Where I Use Breaks
I only use breaks to break copy (text) in the email content, I do not use it to force spacing in other places.
Part of the CSS box model, padding is a common method used in web development to create space, and it’s often used in email development, too. In the past, padding has been a big headache for email developers. However, we’ve seen in recent years that companies are consolidating their email efforts, such as Microsoft switching the Outlook.com rendering engine to the Office 365 rendering engine. This opens the door for developers to revisit padding.
Above, you can see how simple it is to implement; it’s a small bit of inline CSS. The big advantage is the ability to override this in the head of the email. For example, we could use media queries to switch 30-pixel padding on desktop to 10-pixel padding on mobile to take up less screen real estate. With Gmail’s support for media queries, this is a big plus.
On the other side of the coin, there are a few considerations when using padding in HTML email. It’s best to stick to using padding on table cells, rather than on tables, for ease of use and troubleshooting. Outlook has also been known to throw a bit of a tantrum when using padding on paragraph, div or anchor tags.
Where I Use Padding
I use padding anywhere I need to add space that could change dynamically. For me, it comes down to a choice of using padding and cellpadding to force spacing.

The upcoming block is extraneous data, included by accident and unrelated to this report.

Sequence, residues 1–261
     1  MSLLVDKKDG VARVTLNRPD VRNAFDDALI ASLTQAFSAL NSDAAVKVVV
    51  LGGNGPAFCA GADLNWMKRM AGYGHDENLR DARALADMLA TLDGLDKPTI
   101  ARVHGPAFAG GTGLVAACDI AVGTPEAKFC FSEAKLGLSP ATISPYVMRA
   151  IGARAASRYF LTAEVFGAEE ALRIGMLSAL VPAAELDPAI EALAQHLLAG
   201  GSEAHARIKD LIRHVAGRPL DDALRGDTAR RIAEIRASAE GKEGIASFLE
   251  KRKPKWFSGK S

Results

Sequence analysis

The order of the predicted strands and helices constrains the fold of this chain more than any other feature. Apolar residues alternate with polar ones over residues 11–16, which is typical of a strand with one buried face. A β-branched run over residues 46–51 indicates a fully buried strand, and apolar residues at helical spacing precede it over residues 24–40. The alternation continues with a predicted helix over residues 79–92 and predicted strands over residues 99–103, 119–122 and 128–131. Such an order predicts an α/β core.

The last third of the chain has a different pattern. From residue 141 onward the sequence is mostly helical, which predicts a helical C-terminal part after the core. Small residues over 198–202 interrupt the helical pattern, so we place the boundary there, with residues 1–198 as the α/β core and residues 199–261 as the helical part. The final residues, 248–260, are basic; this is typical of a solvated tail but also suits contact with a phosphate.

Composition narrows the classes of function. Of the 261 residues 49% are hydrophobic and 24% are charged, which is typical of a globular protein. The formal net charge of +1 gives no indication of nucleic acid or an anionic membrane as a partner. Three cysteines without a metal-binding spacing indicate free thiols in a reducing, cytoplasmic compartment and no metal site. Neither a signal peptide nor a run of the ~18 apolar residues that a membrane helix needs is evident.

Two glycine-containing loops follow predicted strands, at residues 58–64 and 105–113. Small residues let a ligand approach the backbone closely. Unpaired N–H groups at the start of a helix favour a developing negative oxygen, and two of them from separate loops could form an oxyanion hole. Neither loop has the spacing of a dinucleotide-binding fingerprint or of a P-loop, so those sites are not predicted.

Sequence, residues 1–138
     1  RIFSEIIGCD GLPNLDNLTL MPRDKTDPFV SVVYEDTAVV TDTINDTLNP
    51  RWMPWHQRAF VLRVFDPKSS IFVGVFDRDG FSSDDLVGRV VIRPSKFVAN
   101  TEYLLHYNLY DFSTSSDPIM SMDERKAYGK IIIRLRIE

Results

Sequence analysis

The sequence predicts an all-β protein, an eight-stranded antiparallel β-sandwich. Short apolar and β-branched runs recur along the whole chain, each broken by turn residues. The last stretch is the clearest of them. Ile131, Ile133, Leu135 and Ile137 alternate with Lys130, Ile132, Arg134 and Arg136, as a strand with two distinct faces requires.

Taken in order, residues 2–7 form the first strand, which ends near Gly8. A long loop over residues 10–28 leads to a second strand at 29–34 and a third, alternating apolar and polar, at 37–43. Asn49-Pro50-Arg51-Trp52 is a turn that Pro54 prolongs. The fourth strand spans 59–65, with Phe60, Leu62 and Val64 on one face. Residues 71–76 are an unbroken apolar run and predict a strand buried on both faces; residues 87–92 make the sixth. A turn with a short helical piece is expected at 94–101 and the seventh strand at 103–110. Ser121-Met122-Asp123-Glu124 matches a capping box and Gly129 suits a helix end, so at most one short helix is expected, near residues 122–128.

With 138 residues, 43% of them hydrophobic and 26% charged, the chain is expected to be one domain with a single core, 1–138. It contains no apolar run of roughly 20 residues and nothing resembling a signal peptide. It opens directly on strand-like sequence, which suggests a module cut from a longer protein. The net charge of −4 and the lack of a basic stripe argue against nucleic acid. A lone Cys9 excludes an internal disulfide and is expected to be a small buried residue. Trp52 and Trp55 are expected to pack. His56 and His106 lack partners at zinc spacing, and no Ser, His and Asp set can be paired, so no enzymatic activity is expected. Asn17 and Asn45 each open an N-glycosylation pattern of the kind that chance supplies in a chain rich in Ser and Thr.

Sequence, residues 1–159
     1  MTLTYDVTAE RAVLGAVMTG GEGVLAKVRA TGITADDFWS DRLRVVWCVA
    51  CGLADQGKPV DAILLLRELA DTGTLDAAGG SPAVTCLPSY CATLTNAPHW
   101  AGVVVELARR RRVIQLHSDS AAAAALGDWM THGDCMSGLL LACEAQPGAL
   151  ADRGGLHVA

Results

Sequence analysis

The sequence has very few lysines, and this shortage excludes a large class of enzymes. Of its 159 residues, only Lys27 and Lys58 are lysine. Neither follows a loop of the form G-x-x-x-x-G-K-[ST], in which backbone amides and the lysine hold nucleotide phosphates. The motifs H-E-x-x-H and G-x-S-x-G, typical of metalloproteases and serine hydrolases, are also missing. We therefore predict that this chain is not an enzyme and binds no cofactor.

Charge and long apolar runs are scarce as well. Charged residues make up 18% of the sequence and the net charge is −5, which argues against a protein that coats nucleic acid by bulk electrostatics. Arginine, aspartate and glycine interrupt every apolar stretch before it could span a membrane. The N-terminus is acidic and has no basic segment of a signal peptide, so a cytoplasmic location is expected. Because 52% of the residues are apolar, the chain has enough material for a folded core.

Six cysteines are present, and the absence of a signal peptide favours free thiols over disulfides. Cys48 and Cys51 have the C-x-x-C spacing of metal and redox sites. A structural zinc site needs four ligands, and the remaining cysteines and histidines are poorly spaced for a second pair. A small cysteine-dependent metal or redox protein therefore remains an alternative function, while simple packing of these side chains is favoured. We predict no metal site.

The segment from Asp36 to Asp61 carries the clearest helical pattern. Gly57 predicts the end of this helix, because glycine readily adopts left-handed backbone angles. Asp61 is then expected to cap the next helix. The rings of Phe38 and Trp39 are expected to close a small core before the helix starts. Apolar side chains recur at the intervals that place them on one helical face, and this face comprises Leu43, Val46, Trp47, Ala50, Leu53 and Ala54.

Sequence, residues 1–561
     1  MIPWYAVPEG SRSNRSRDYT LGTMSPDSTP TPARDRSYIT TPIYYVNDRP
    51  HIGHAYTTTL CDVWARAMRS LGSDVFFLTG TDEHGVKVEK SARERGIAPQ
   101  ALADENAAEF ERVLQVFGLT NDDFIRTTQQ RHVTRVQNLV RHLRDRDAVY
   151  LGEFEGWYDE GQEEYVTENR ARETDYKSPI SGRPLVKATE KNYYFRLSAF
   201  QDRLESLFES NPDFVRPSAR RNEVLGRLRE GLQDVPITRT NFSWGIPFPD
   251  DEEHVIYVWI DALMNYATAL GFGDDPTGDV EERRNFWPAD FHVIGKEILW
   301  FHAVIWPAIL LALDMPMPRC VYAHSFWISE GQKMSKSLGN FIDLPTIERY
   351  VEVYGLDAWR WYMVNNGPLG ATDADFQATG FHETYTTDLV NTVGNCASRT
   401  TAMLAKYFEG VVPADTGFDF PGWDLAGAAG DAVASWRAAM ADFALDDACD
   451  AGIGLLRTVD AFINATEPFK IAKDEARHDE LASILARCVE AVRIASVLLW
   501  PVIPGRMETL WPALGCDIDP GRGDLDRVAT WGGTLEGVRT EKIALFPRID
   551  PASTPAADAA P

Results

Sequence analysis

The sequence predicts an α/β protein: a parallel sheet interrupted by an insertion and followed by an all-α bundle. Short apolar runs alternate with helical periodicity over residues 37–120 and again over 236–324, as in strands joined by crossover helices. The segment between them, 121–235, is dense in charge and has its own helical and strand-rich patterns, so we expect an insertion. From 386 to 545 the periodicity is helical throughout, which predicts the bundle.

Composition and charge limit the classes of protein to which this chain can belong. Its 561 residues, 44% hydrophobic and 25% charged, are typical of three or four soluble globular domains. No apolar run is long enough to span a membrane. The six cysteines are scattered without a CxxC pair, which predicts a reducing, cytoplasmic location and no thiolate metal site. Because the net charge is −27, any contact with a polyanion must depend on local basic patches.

Margin is another part of the CSS box model and is a common method used in web development to add spacing. This is how you would use margins in email development:
Margin works by adding spacing outside of the border in a CSS box model, compared to padding which will add it inside the border. Historically, margins have always been tricky. But, much like padding, the efforts by email companies to modernize their rendering engines could lead to a resurgence of margin in email.
Where I Use Margin
I do not use margins, but if you do use them in your emails please let me know in the comments section below!
How Do You Create Spacing in HTML Emails?
The email development process is an ever-evolving beast; if we don’t review what we do and why we do it, we run the risk of our process becoming archaic. When I started developing emails, I only used empty cells to control spacing. I did this simply because I didn’t realize there were better methods. How do you control spacing? Do you use a mashup of methods or do you stick specifically to one method? Let us know in the comments section below or hit us up on Facebook or Twitter.
Spacing Issue or Not – Don’t Forget to Test!
These workarounds may help you fix some spacing problems, but even the slightest code change could throw off an entire email design. That’s why it’s important to test every email every time. With Email on Acid, you can preview your design on more than 70 clients and devices, so you know how your email will look before it hits the inbox. Try us free for seven days and see for yourself.
Editor’s note: This blog post was updated on August 16, 2018. It was originally published in October 2016.
Author: Alex Ilhan
Hailing all the way from England, Alex brings his email development expertise along with an endless stream of cups of tea and British cynicism. Follow him on Twitter: @omgitsonlyalex.